Posts made in January, 2018

Filipino Cuisine Workshop

Posted by on Jan 17, 2018 in Upcoming Events | Comments Off on Filipino Cuisine Workshop

Filipino Cuisine Workshop

The first collaborative world cuisine workshop was such a success that Kamloops Immigrant Services and Kamloops Food Policy Council is hosting a Filipino Cuisine Workshop on January 24!

This workshop is FREE and you will learn how to make delectable Adobo and Pancit from scratch.

To register, contact Elizabeth Brown at communityconnection@kcris.ca or 778-470-6101.

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Knife Sharpening Workshop

Posted by on Jan 15, 2018 in Upcoming Events | Comments Off on Knife Sharpening Workshop

Knife Sharpening Workshop

With new spaces opening up for this workshop, we are pleased to announce registration details for a Knife Sharpening Workshop with Lawrence Barichello.

January 20
2 – 4 PM
Mt Paul Community Food Centre

Bring a couple of knives to work on and a magnifying glass if you have one!

Register here.

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Microgreens Workshop

Posted by on Jan 12, 2018 in Upcoming Events | Comments Off on Microgreens Workshop

Microgreens Workshop

Growing microgreens is a great way to get an extra boost of nutrition, add some homegrown pizzazz to your winter meals, and have fun watching things grow at the same time! Paul Denby, our local Farm to School microgreens expert, will show us his tried and true system on Sunday, January 28.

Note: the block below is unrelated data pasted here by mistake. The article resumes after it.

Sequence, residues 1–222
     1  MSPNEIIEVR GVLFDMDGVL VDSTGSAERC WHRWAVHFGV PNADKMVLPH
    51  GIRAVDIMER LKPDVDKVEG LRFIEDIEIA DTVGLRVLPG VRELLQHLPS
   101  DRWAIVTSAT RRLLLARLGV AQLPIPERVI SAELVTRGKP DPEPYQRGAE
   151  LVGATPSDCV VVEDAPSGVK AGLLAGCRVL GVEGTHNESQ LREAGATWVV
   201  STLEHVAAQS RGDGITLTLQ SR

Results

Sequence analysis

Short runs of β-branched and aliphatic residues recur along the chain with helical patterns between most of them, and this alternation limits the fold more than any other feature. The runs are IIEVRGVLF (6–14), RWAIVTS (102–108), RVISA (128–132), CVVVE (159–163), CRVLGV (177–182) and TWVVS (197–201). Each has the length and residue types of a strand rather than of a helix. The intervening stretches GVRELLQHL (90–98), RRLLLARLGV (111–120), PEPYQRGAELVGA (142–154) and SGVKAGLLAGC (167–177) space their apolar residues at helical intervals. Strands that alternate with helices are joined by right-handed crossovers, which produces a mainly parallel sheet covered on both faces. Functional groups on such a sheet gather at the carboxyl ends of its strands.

You can find out more or register here

 

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Farm to School Activities

Posted by on Jan 12, 2018 in Our Stories | Comments Off on Farm to School Activities

Farm to School Activities

There is some amazing work and learning going on in local schools! Check out these videos from Shaw TV!

Arthur Hatton Elementary

Twin Rivers/Four Directions

Brock Middle School

 

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Paradise Lost

Posted by on Jan 4, 2018 in Our Stories | Comments Off on Paradise Lost

Paradise Lost

Every harvest with the GAP has a story, some more memorable than others. Something stands out – the setting, the characters, or the plot – and in this case it is all three.

It was getting to the end of cherry season when an acquaintance called and asked if we could help out his elderly friend Joan, who was a bit overwhelmed and hadn’t been able to get her cherries picked. “They’re organic” he said. (We all know what that means – a little white worm in each and every cherry.) “I don’t know” I told him, “We’re really swamped right now”

“She has a Kootenay cover”, he said. My ears perked up. I had heard about Kootenay covers – special polyester fibre nets that are put over cherry trees to keep out the dreaded cherry fruit fly – but had never seen one in action. I immediately agreed to call her.

I recognized the property. The house is older and set back from the road, hardly visible behind a number of mature fruit trees. There is often a “Honey for Sale” sign at the end of the driveway.  There was much more there, however, than I realized. It appeared to be a once-thriving orchard with numerous mature apple and pear trees, as well as apricots, plums, grapevines, raspberries, and a large overgrown vegetable garden plot. Several dilapidated outbuildings, piles of rusting tools, and an old apple press completed the picture.

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